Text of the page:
Our easily stunned commentator, Deffinbaugh, quoted in Part 6, asked the following second question:
(2) "Why is prayer never specifically mentioned in the book?"This also sounds like a damning flaw in the literary work. But it also sounds a little like the first thing the Serpent said in Genesis, designed to instill doubt and a kind of excited panic.
But lets look around a little before declaring the sky might be falling:
"But, for many readers [of Esther], the story's canonical context - the way it invites comparison between Esther and Moses or Daniel, for example, - invites also the possibility that we should think of an unseen God of Israel at work 'behind the scenes' in the narrative. Textual support is often claimed in Mordecai's cryptic words to Esther that if she stays quiet 'deliverance will stand up for the Jews from another place' (Esther 4:14).This mode of reasoning is similar to a 'providential' reading of Ruth - so that Ruth's 'chancing to chance' upon the field of Boaz (Ruth 2:3) is viewed not, indeed, as 'chance' but as the doing of YHWH.
Yet the only action of YHWH explicitly recounted by the narrator in the whole story is YHWH's gift of conception to Ruth at the very end (Ruth 4:13)."
- Gunn & Fewell, Narrative in the Hebrew Bible (Oxford, 1993)
Again we have confirmed that Esther is hardly unique in its oblique and indirect reference to YHWH. But even more interesting is the second claim about the book of Ruth: We get the impression that like Esther, Ruth is lacking appropriate references to God, presumably including prayers.
But as is typical in scholarly commentary, the description and impression left by the commentary is actually miles away from the text itself! Every argument sounds clinching and 100% true of course, until we hear the other side!
Turning to Ruth, we are confronted with an immediate prayer from Naomi for her daughters in law:
"May the LORD [YHWH] deal kindly with you,Ruth suddenly doesn't seem like the 'Godless and secular narrative' we expected! At least one character prays openly for her kin, before we even get out the door. Even when enduring deep grief and hardship, our Naomi stoically attributes her misfortune to YHWH:
as ye have dealt with the dead, and also with me.
The LORD grant that ye may find rest,
each in the house of her husband." (Ruth 1:8-9)
Nor has the topic of the God of Israel even gotten started before we are treated to the most moving and profound statement about the LORD in the entire Bible, from the youngest character in the story:"the hand of the LORD has gone out against me." (Ruth 1:13)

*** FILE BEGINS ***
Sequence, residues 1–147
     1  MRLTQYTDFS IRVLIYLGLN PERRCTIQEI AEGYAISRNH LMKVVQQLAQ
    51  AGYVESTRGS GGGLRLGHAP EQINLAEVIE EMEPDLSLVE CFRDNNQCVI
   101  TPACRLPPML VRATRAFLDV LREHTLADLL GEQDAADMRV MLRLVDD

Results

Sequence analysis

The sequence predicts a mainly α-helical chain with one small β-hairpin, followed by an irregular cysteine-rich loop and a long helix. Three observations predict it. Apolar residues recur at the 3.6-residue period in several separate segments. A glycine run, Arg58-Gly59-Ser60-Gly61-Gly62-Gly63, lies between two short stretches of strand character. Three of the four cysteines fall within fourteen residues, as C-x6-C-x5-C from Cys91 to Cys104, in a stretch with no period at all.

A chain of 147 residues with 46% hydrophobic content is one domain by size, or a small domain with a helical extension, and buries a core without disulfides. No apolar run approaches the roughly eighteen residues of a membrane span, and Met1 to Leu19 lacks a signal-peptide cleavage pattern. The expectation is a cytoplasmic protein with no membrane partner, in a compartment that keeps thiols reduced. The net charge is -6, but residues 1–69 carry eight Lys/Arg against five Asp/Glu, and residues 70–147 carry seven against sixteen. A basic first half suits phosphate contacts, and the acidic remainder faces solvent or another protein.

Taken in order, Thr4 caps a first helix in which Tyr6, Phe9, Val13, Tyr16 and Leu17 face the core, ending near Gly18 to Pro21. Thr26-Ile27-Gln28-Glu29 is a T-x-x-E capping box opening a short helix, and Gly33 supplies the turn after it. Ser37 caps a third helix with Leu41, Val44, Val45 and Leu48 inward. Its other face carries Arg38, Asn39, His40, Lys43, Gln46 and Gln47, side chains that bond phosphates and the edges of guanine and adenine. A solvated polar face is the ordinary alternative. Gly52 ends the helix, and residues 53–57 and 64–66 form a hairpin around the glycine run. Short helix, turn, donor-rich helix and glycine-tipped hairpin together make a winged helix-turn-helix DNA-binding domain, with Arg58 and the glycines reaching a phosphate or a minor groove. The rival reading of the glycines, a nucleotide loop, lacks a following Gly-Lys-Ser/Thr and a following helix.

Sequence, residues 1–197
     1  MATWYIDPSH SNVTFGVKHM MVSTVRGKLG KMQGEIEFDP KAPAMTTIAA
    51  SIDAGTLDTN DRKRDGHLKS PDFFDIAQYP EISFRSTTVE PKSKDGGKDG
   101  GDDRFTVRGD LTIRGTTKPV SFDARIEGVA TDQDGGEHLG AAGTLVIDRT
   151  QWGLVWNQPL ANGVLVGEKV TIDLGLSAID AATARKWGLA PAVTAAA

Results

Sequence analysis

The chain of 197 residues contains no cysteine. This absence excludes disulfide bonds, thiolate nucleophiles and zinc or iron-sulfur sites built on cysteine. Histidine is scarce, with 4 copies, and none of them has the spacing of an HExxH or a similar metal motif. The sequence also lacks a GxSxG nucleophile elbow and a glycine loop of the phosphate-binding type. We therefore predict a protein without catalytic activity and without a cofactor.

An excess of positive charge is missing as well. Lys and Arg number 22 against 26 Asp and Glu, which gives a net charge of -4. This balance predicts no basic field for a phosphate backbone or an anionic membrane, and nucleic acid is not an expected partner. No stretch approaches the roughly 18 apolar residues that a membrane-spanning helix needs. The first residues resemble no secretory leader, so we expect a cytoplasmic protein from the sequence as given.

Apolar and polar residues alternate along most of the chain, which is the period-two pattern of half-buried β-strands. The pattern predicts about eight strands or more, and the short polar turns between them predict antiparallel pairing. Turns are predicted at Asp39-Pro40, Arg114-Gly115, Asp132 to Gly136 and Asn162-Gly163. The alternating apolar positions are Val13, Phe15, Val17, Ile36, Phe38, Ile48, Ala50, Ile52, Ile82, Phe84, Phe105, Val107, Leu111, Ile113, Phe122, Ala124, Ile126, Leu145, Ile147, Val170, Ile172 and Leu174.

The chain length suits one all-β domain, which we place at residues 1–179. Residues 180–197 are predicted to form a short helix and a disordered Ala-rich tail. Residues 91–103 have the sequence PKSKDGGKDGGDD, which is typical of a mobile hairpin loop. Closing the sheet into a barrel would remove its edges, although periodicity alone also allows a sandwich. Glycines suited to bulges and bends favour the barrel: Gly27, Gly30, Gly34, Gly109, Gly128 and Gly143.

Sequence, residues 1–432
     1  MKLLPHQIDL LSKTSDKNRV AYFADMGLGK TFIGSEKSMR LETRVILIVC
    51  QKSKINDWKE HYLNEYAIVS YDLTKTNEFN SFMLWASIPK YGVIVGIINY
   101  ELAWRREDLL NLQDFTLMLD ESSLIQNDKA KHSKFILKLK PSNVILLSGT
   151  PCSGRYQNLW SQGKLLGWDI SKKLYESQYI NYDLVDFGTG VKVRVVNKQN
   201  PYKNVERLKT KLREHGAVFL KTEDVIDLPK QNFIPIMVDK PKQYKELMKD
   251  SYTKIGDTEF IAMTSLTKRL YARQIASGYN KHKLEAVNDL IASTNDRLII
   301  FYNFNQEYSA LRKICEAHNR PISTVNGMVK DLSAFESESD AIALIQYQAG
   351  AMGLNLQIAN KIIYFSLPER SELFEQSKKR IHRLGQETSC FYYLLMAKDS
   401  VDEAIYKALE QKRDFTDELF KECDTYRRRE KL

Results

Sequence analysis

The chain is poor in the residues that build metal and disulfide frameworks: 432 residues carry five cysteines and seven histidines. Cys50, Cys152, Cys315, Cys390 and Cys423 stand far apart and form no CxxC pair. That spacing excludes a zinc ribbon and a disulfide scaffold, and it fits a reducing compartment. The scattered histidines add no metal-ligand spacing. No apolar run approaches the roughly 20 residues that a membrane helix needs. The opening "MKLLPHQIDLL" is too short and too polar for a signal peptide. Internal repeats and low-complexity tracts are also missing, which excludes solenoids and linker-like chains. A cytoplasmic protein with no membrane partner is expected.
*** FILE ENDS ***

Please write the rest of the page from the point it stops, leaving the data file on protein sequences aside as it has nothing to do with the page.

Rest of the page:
There is probably nothing more dramatic and heart-gripping than this in the whole OT, other than the overwhelming revealing of Joseph to his brothers, and the shock of Jacob in Genesis 45, "Joseph is yet alive!" (Gen. 45:26)"Do not plead with me to leave you,or turn back from following you!For wherever you go, I will go:and where you stay I will stay.Your people shall be my people,and your God, my God.Where you die, I will die,and there I will be buried:The LORD do so to me, and more also,if anything but death parts me and you!" (Ruth 1:16-18)
What we learn from these stunning discoveries is that nothing can be more misleading than a scholarly commentary, or more eye-opening than the text itself. We must constantly be on guard not to let others do our thinking, and our checking for us.
It is likewise in the book of Esther regarding prayer: Nothing could be absolutely more clinching and slap-in-the-face obvious than these two critically important portions:
One has to wonder just how stupid, or how maliciously misdirecting a commentator has to be, to suggest that 'prayer is not specifically mentioned' in the book of Esther. And really, just consider the ludicrousness of the assertion:'When Mordecai perceived all that had been done, he tore his clothes, and put on sackcloth and ashes, and went out into the middle of the city, and wailed with a loud and bitter cry.' ...'And in every province, wherever the King's commandment and decree came, there was a great mourning among the Jews, and fasting, and weeping, and wailing, and many lay in sackcloth and ashes.' (Esther 4:1-3)
What uneducated fool, what unknowing island native, would not, upon seeing a large gathering of Jews anywhere in the world, fasting, weeping, wearing sackcloth and wailing, - would not interpret the scene as heart-rending prayer?
Deffinbaugh and his ilk need to be publicly ridiculed for such nonsense as this, as a deterrent to future historical revisionists.